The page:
Drag and drop the names of Ti phases:
Beta : [blank_start]........[blank_end]
If you cool fast enough from β (bcc), Ti will do a sudden diffusionless/martensitic transition (like steel does) but to a hexagonal phase called α’.
Drag and drop the names of the four broad classes of alloying elements for Ti:
• [blank_start]Alpha[blank_end] stabilisers – cumulative effect expressed as Al equivalent
• Isomorphous [blank_start]beta[blank_end] stabilisers
• Eutectoid beta stabilisers – cumulative effect of both kinds of beta stabilisers together is expressed as Mo equivalent
• Elements that don’t stabilise either phase more than the other but provide solid solution hardening (sticky places to hold dislocations etc, like in lecture 2) – these are Zr, Sn, Si.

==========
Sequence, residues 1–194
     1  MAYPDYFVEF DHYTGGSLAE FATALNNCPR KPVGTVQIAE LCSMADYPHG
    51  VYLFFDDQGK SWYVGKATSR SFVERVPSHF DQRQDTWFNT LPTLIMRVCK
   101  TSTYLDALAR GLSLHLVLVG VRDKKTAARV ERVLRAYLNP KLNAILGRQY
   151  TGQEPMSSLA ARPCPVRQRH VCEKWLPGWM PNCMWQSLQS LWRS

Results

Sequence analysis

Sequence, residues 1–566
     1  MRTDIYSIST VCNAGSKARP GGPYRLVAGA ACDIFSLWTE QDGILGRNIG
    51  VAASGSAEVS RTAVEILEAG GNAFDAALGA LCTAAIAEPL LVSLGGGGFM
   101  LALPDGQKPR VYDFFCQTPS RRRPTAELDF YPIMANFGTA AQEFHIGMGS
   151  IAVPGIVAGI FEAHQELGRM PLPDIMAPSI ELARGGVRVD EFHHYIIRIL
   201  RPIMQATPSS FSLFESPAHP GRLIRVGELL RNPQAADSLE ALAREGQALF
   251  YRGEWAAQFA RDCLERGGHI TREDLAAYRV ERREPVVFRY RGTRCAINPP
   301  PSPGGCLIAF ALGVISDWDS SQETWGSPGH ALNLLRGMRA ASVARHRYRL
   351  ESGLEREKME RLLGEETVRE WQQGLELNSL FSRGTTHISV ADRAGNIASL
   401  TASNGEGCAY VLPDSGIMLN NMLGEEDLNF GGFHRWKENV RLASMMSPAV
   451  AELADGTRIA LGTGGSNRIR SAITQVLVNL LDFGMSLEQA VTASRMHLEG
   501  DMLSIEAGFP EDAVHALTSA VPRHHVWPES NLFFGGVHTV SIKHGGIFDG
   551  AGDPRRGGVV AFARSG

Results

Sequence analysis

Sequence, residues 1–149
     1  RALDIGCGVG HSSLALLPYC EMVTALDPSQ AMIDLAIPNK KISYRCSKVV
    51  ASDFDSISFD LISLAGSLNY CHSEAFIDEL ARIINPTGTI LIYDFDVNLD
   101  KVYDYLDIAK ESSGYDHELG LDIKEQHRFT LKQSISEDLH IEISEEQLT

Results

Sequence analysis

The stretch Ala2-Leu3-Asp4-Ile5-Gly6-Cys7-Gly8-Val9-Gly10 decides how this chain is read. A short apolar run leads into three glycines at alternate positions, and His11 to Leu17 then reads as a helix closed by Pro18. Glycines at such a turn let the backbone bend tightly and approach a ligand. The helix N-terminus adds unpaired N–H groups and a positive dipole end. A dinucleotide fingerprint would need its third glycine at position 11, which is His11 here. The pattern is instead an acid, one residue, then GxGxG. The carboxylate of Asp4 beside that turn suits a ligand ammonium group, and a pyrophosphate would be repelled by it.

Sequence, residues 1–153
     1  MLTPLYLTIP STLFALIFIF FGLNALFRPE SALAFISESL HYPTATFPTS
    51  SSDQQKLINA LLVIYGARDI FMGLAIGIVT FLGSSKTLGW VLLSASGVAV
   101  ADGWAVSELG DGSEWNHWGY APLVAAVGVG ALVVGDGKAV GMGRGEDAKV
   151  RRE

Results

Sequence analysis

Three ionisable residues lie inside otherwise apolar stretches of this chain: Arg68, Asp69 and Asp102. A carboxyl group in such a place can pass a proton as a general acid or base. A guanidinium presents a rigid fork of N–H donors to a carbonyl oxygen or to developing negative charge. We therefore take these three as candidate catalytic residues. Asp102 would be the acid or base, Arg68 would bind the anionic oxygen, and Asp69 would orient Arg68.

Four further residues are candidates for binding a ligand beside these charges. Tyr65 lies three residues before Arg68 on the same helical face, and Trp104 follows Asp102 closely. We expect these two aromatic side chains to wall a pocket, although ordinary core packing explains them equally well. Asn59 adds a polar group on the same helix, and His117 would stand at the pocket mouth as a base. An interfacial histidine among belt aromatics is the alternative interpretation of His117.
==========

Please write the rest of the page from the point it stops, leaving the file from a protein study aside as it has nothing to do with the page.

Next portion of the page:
Drag and drop the types of stabilising elements above each diagram:
Microstructure develops as [blank_start]α[blank_end] nucleates and grows on [blank_start]β[blank_end] grain boundaries and then grows in to take over the inside of the grain.
What you get depends strongly on two parameters:
• [blank_start]Grain[blank_end] [blank_start]size[blank_end] of the β before we started cooling (prior β grain size)
• [blank_start]Cooling[blank_end] [blank_start]rate[blank_end], both initially and after any heat treatments you do to it.
When we fracture Ti-alloy, the crack that will lead to its failure initiates on and propagates along the long bits of α on the grain boundaries